It made sense, then, to move to Marco to simplify our lives. The sunshine, the day care, the church, and friends we’d made were all waiting to welcome us. We had a buyer for our Sewickley, Pennsylvania home after only five weeks who accepted our asking price. Prospects for the move were rosy. Then I received a phone call from Colorado. Our middle son, Jeff, had died suddenly, and my life changed forever.
I did not think I could pick up any part of what had gone before. I could not think about moving. But with the help of our surviving sons, their families and friends plus faith in God, I was able to face the future and meet the closing deadline.
We arrived on Marco in October of 2010, the day before our moving truck, loaded with furniture, pictures, and books, holding that which I couldn’t do without. A granddaughter from Orlando, Emily, brought a friend and did some initial unpacking. After she left, I called St. Mark’s, “Nan, I need help.” Help arrived, in the person of Linda, a volunteer who unpacked boxes, organized closets, and even took on the task of covering our kitchen chair seats and sewing a window valance that brightened my spirit.
A little later, with care giving and grief contributing to my inefficiency, I asked for help again. This time, the need was to respond to many notes and memorials from friends. My new helper, Sue, another St. Mark’s volunteer had also lost an adult son and after notes were answered, we shared our stories. My healing had started and participating in two grief groups on the island has helped me put much sadness behind me.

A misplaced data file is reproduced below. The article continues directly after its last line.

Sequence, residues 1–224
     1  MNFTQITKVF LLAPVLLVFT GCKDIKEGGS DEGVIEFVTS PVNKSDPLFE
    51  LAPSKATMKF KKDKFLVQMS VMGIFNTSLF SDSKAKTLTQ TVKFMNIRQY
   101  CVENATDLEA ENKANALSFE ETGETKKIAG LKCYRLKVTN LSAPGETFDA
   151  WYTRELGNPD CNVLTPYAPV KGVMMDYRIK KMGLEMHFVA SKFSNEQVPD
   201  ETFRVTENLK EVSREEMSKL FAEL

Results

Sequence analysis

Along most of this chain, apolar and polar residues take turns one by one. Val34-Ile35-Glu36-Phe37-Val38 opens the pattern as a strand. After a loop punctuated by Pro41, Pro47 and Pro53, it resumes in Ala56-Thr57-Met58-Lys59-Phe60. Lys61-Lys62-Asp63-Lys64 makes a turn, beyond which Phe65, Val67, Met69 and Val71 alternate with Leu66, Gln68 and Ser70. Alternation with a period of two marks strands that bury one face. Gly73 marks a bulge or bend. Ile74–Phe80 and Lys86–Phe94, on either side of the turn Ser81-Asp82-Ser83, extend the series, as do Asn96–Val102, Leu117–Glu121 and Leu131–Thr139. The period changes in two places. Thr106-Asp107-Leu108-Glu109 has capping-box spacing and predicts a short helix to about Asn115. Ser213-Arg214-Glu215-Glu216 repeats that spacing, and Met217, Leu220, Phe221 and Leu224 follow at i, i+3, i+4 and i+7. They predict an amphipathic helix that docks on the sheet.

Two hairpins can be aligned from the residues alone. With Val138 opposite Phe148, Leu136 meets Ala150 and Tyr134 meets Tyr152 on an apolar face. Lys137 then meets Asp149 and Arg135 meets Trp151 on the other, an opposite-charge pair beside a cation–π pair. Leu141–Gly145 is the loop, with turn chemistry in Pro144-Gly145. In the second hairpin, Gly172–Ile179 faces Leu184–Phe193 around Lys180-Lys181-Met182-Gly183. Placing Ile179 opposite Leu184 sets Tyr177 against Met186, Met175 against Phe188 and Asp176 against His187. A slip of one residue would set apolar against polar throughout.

While Tom was able, he enjoyed smoothies at Summer Day Café, walks on the beach, visits to the burrowing owls, and worship at St. Mark’s where he often had a joke for the minister. But in August of 2011, he became a resident of the local assisted living facility, an eight minute drive from our condo. I visited him most every day and we’d enjoy outings, the last to our condo for Easter dinner where he enjoyed the view of the bay with no memory of his past life there. He died a month later in May of 2013.
I continue to enjoy many of the things we did together on Marco and now do with friends. I sing in St. Mark’s choir and find meaning in the church’s activities where I’m supported and encouraged. I also lead an Alzheimer’s Association memory loss/caregiver support group monthly helping others cope with this disease and raise funds for the Association’s yearly walk and through a Reason to Hope luncheon.
Some days Resident’s Beach or Tigertail will entice me and I walk or sit on the sand, marveling at the gulf, the shore birds, the interesting cloud formations and the almost always, blue sky. Occasionally, I’ll take a visiting family member kayaking at nearby Rookery Bay, dolphin watching on the Dolphin Explorer, or viewing the latest exhibit at the Marco Historical Museum. Sometimes, the theater beckons with a visit to the Marco Players or the Island theater group. In short, Marco Island is everything that I hoped it would be and much more.
Did I mention that as Tom and I were leaving Marco after our very first visit, driving across the Jolley Bridge, a large, vivid rainbow appeared off to the East? We took it as approval for our beginning a relationship with Marco Island and its people. Now, after living here, I know there was a pot of gold at the end of that rainbow and I have found it.
copyright 2014 Shirley Woolaway